Parents Blame Ohio College in Son’s Suicide

May 16, 2012

A central Ohio couple is pressing legal action against a university over the 2008 suicide of their son, saying campus police could have prevented it.

The Columbus Dispatch reports that the wrongful-death lawsuit charges that Wright State University campus officers failed in their duty to protect the student from harm. The suit filed by Michael and Lisa Conner of Plain City is before the Ohio Court of Claims, the Columbus-based court that hears civil claims against the state, its agencies and employees.

They say one of their son Nathan’s roommates had called campus police after Nathan threatened to kill himself. Court documents show officers responded, but concluded that he wasn’t suicidal.

Soon after they left, the 20-year-old student wrote a suicide note, placed a bag over his head, and inhaled helium until he died.

Wright State denies wrongdoing, says officers acted appropriately, and that Conner was responsible for his own death.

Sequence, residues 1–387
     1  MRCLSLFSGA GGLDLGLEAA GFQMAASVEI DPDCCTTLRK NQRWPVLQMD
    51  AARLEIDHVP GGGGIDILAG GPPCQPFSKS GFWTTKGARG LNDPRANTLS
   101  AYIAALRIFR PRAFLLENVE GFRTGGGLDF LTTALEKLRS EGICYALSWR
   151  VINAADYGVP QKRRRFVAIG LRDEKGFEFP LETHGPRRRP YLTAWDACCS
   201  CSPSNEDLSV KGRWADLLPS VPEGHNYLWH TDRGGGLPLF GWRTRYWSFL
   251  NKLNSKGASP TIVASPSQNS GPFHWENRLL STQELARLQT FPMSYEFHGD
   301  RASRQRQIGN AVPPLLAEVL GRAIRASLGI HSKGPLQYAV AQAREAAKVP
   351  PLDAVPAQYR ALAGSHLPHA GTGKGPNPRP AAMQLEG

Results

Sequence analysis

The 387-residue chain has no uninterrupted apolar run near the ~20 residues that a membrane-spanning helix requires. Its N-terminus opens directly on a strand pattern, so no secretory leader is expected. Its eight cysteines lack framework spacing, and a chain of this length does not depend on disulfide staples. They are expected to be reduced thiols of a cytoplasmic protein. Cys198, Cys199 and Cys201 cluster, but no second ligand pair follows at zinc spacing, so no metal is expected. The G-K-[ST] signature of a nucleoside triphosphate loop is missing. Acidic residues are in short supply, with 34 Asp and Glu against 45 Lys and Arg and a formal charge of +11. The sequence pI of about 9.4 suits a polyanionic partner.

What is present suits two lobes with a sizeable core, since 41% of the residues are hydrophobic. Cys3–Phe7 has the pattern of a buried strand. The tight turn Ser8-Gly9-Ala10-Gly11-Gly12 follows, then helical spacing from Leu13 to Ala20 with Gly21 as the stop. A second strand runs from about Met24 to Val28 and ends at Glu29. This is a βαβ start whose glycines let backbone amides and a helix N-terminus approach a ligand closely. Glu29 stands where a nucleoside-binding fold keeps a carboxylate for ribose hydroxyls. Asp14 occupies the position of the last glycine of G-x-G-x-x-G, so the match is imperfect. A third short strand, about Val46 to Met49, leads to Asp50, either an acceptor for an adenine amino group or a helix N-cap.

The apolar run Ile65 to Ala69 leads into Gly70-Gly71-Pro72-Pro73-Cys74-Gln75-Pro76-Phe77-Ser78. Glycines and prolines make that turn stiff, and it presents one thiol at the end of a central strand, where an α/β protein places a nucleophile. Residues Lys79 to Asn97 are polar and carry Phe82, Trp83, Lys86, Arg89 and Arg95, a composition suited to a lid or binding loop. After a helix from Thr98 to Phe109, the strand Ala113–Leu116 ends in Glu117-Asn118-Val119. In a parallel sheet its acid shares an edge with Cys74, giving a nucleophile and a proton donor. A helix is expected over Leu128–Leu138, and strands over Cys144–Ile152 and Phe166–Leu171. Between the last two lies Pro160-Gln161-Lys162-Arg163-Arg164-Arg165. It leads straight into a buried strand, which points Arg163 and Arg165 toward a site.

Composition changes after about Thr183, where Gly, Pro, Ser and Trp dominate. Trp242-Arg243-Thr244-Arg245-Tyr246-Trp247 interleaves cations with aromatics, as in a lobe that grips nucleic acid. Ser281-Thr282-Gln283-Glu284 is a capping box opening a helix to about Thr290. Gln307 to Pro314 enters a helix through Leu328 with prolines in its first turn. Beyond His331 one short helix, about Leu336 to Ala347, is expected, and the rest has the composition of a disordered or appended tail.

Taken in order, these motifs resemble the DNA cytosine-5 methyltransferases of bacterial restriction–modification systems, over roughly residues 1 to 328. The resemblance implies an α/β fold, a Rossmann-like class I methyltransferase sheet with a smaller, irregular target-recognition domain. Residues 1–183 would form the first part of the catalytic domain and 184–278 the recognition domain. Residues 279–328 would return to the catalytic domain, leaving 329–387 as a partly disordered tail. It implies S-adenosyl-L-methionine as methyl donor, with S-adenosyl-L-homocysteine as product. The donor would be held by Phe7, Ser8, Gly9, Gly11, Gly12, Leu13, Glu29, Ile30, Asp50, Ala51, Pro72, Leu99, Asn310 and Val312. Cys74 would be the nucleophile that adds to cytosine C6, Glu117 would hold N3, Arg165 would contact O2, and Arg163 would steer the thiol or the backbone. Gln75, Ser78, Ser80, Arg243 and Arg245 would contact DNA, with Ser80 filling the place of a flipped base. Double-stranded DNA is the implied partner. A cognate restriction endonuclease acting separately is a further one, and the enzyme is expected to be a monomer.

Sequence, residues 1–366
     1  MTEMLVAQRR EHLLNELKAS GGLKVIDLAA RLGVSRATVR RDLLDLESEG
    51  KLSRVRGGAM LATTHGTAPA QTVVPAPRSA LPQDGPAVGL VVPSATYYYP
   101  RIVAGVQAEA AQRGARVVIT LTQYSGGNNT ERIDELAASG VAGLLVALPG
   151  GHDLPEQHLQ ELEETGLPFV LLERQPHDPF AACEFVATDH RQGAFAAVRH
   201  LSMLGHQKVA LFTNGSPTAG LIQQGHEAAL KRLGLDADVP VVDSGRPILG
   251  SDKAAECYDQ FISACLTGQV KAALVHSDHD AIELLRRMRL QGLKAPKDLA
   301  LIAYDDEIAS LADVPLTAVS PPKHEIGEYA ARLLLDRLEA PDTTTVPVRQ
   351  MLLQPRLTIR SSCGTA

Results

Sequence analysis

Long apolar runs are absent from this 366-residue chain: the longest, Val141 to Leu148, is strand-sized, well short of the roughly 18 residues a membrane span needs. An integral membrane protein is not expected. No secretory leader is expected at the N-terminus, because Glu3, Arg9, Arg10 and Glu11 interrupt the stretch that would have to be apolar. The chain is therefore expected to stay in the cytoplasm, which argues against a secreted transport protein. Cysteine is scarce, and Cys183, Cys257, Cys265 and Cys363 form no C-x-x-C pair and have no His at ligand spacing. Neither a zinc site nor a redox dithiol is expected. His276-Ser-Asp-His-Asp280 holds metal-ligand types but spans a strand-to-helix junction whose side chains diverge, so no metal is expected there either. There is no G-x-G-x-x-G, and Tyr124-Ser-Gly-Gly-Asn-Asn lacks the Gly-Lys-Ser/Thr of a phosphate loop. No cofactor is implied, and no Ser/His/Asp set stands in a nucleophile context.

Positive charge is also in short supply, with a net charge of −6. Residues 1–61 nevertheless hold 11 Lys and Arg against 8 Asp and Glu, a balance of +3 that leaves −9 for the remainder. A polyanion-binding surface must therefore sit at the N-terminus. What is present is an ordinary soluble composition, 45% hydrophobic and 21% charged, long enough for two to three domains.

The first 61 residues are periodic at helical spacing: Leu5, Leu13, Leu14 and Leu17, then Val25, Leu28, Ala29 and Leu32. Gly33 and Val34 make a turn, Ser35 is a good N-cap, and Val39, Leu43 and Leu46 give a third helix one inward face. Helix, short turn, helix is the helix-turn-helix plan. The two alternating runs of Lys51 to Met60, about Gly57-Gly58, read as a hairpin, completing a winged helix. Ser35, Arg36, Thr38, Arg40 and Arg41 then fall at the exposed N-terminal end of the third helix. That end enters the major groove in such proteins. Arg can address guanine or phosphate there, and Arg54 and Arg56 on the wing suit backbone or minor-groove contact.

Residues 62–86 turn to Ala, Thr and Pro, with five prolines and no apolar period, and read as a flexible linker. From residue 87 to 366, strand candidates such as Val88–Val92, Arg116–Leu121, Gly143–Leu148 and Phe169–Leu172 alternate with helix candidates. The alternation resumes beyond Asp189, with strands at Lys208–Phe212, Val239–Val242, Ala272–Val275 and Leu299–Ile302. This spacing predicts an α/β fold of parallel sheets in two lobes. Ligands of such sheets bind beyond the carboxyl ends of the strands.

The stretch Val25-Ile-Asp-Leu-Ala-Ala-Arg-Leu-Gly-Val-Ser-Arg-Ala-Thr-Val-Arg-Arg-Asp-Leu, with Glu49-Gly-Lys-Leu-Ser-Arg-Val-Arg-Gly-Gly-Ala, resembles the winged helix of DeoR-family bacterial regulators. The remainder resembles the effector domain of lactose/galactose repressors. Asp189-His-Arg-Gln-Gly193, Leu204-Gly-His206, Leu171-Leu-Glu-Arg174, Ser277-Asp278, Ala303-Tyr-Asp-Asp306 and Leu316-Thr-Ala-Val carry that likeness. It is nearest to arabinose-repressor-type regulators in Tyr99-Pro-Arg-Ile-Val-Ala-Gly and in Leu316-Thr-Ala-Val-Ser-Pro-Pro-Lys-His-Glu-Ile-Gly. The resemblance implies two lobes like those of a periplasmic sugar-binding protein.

The Conners say police were negligent and “knew of a foreseeable risk of harm.” The lawsuit says two officers who responded to Conner’s apartment had been there two months earlier after he attempted to kill himself with an overdose of medication.

Their attorney says officers didn’t notify the campus wellness center when responding to a mental-health crisis, as policy dictated.

“We understand that Nathan had an issue he was dealing with, but that’s why the policy is in place,” said Paul-Michael La Fayette, a Columbus attorney.

The Ohio attorney general’s office argues on the university’s behalf that Conner didn’t appear suicidal and denied any intent to harm himself. Wright State didn’t cause the death, which came from Conner’s “own intentional actions,” the university’s response states.

It says according to his suicide note, Conner decided to kill himself after the officers left because his roommates had called the police.

The university and its officers also claim immunity from liability because they were engaged in public duties.

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